Companies: Omicron-related absenteeism remains limited

With more than 300,000 infections every day, the SARS-CoV-2 virus raised fears of disruption to society, with a sharp rise in absenteeism. However, despite the Omicron wave, companies so far seem to be coping, as confirmed by employers' associations.

Omicron wave: various measures taken in advance to avoid disruption

At the end of December, the Scientific Advisory Board warned of the risk of " societal disruption " in January, due to the outbreak of the Omicron variant and the number of contaminations. On January 7, 328,214 cases were recorded in 24 hours, and the epidemic peak has not yet been reached.

However, despite the Omicron outpouring, employers' organizations were reassuring that absenteeism in companies had not risen massively. The Medef, the Mouvement des entreprises de taille intermédiaire (METI) and the Confédération des petites et moyennes entreprises (CPME) all said they were calm, but not complacent.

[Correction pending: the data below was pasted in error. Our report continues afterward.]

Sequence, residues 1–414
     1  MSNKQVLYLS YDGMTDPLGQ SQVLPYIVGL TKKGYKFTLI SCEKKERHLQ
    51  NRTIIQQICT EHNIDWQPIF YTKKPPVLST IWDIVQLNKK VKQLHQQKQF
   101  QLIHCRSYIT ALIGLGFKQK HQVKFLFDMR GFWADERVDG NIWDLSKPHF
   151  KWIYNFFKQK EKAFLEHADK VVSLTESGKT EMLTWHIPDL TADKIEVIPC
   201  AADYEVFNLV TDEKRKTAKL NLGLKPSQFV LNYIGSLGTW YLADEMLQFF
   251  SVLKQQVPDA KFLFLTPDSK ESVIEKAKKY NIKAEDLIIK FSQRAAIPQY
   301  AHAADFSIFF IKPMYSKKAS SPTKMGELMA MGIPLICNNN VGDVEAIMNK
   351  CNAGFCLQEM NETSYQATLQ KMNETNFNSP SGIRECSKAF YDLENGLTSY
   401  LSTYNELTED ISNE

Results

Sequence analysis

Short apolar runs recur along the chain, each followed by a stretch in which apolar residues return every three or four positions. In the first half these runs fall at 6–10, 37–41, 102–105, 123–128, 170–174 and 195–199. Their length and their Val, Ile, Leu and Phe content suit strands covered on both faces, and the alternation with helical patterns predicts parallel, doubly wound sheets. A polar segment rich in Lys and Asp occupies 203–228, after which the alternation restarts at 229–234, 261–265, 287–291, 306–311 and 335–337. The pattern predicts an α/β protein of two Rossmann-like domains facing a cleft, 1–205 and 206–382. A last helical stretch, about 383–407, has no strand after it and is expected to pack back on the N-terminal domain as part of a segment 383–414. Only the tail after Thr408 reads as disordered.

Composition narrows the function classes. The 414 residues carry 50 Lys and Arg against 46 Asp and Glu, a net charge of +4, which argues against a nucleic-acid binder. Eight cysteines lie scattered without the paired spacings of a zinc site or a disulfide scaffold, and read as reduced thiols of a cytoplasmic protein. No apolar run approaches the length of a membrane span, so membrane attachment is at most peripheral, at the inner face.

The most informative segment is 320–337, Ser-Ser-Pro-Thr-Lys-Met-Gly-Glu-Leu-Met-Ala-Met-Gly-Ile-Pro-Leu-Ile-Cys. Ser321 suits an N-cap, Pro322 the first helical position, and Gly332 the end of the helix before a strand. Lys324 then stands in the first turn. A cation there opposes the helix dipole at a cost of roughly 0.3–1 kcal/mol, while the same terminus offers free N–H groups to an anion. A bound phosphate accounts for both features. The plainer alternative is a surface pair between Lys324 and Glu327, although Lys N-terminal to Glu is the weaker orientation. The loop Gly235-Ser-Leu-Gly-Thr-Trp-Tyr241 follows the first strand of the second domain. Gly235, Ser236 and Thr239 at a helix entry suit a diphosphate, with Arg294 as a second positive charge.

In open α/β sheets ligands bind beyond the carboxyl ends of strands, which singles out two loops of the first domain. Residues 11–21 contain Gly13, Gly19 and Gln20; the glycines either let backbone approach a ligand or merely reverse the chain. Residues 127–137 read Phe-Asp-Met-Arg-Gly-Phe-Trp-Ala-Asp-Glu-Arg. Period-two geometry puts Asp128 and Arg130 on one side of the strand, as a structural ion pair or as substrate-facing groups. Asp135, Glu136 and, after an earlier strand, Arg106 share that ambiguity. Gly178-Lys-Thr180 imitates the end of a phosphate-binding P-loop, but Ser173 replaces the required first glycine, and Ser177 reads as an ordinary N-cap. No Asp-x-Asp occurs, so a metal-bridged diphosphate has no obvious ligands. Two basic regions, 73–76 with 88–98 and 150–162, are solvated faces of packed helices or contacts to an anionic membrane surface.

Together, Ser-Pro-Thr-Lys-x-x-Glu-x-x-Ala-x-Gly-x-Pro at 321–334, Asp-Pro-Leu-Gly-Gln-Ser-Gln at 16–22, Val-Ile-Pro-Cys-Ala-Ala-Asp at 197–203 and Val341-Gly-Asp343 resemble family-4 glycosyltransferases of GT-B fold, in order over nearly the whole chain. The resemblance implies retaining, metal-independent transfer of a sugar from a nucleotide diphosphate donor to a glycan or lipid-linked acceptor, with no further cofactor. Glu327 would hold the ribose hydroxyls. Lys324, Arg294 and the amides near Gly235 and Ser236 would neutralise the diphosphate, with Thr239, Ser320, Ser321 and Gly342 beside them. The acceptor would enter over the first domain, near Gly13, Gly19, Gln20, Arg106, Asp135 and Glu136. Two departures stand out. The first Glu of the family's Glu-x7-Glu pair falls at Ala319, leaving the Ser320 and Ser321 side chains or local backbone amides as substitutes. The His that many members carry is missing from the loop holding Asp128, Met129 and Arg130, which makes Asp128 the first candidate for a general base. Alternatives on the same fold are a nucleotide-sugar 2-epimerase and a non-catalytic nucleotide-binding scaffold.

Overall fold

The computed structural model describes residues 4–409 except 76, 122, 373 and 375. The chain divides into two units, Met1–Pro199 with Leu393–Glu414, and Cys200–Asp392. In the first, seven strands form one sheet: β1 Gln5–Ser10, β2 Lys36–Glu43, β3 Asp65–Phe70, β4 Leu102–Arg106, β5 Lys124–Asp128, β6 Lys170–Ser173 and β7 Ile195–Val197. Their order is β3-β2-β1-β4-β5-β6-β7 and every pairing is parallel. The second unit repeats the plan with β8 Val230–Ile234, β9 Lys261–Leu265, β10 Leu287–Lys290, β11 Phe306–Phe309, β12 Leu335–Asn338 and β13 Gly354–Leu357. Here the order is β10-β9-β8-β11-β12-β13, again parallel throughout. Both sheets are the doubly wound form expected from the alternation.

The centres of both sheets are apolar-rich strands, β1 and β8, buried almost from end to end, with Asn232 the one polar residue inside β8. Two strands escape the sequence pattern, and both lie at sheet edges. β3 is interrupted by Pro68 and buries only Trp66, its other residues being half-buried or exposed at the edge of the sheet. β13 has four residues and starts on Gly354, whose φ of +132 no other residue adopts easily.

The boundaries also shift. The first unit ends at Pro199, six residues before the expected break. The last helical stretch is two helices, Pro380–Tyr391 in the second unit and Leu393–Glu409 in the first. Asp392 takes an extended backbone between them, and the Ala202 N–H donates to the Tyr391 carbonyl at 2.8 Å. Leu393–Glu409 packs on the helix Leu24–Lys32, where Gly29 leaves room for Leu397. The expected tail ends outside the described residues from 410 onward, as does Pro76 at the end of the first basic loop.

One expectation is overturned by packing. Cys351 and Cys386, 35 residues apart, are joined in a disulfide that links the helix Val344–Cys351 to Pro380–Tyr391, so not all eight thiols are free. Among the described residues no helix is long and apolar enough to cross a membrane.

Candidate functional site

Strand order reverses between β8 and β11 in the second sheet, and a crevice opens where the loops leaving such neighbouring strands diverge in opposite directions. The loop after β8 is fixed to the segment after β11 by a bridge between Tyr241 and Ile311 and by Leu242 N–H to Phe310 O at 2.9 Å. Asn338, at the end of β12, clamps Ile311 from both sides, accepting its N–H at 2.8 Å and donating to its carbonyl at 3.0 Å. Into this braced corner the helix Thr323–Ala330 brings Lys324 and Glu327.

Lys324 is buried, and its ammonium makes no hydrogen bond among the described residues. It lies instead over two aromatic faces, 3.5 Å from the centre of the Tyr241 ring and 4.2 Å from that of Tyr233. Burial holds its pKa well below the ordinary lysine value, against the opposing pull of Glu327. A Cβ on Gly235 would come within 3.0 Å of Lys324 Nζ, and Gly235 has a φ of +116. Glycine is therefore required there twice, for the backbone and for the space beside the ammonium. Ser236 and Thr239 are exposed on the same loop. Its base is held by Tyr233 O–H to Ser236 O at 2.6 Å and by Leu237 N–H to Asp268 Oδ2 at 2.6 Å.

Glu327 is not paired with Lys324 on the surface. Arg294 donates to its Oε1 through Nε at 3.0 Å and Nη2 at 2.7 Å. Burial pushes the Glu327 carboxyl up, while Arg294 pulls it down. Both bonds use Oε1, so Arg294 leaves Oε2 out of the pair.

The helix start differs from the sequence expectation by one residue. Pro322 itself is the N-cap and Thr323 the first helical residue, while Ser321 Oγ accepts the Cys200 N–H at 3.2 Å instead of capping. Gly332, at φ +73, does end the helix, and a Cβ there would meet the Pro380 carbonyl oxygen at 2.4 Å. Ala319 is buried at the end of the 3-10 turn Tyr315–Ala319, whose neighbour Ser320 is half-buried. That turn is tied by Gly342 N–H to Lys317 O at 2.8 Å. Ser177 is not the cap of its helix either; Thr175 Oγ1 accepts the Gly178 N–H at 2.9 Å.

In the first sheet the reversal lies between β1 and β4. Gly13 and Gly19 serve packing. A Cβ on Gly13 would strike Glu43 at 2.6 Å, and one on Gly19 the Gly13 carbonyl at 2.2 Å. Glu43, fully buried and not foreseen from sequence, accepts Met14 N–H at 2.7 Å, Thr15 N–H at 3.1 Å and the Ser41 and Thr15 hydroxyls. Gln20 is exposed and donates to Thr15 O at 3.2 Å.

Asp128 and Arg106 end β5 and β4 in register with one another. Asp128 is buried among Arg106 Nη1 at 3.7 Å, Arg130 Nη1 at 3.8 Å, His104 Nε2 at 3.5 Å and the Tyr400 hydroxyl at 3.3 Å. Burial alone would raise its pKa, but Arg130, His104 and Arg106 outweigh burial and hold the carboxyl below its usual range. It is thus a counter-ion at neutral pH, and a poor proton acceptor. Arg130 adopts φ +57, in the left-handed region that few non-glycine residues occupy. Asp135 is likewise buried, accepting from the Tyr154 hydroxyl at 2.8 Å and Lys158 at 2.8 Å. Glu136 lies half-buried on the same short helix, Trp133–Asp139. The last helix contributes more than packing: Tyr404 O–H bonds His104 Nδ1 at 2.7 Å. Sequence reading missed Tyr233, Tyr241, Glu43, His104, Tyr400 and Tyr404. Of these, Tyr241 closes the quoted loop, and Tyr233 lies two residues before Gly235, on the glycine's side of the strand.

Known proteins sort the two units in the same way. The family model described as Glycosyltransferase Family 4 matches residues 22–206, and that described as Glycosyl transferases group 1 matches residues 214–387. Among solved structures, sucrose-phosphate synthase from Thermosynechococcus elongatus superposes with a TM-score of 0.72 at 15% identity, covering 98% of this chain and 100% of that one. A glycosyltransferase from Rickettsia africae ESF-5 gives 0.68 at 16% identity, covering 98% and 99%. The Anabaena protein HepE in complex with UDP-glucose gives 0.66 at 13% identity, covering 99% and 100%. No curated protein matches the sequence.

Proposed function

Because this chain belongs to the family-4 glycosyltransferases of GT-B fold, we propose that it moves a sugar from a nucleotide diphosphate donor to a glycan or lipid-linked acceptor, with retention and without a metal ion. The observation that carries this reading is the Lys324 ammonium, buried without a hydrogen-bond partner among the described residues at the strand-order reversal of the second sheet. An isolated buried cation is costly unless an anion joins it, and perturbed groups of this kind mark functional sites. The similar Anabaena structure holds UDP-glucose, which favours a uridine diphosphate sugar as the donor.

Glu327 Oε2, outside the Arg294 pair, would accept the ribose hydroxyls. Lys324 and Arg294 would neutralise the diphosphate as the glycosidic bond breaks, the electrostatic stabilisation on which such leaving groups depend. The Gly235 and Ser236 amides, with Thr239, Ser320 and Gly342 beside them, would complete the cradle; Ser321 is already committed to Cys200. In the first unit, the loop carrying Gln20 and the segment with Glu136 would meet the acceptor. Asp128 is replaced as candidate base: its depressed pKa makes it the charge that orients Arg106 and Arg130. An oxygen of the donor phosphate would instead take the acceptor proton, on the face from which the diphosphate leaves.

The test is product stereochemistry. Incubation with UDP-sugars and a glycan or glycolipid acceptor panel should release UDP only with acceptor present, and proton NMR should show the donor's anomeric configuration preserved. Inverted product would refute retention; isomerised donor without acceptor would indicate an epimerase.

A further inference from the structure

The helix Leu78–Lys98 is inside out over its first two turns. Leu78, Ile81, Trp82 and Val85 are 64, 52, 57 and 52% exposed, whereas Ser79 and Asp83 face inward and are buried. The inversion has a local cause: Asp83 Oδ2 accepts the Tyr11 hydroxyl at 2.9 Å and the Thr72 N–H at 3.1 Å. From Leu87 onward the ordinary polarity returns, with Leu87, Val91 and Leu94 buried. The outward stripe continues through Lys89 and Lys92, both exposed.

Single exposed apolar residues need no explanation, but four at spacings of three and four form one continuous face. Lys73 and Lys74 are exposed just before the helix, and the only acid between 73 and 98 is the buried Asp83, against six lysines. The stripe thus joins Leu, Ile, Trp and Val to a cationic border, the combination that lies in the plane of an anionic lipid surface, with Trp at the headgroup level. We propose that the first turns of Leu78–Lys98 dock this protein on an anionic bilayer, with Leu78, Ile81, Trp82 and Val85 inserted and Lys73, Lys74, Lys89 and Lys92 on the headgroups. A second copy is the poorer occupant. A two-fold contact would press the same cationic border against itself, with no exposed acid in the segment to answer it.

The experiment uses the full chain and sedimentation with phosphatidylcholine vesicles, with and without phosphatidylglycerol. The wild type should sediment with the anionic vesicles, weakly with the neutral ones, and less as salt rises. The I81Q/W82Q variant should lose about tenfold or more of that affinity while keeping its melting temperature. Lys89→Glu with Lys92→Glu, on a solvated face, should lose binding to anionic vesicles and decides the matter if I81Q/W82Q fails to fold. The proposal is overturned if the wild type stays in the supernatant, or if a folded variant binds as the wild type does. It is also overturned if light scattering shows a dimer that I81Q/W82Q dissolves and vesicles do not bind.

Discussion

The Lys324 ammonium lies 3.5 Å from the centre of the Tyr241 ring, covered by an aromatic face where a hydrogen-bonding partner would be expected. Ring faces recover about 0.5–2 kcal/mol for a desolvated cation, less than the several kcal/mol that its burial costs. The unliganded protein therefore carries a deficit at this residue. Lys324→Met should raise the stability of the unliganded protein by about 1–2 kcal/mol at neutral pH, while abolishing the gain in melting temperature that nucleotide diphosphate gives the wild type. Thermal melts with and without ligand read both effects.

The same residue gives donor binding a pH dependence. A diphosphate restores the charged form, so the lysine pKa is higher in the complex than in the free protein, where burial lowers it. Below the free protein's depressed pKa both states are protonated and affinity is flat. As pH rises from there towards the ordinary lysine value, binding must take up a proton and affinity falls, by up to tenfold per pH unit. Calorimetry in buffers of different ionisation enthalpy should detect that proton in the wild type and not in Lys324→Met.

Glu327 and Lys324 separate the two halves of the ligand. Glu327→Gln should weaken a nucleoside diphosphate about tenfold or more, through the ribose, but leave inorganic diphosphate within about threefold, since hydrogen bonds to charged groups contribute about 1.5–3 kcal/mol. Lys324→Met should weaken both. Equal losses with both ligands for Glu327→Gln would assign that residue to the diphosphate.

Several government measures have been taken to curb absenteeism, starting with compulsory teleworking at least 3 days a week. Schools have remained open with a more relaxed health protocol, even if parents have to cope with a sometimes chaotic operation. As for the duration of isolation in the event of contamination or contact with an infected person, this has been reduced under certain conditions to enable a quicker return to work.

Absenteeism: a cautious approach over the coming weeks

However, the situation is far from simple. In large conurbations, the difficulties are greater due to the higher number of contaminations. What's more, not all sectors of activity have been spared the consequences of the epidemic wave.

As a result, the SNCF was forced to cancel some regional trains due to absenteeism. The French Post Office (La Poste) has had to temporarily close some offices, and parcel and letter delivery is experiencing some disruption.


In the medical-social sector, school transport and construction, absenteeism is sometimes as high as 20% in some companies, and temporary employment offers are on the rise in logistics and mass distribution, as Adecco has noted.


While employers' associations are not alarmists, they remain cautious. The epidemic wave has not yet reached its peak, which implies an increased risk of absenteeism in the coming weeks. Small businesses are the most likely to be unable to cope with the extra pressure.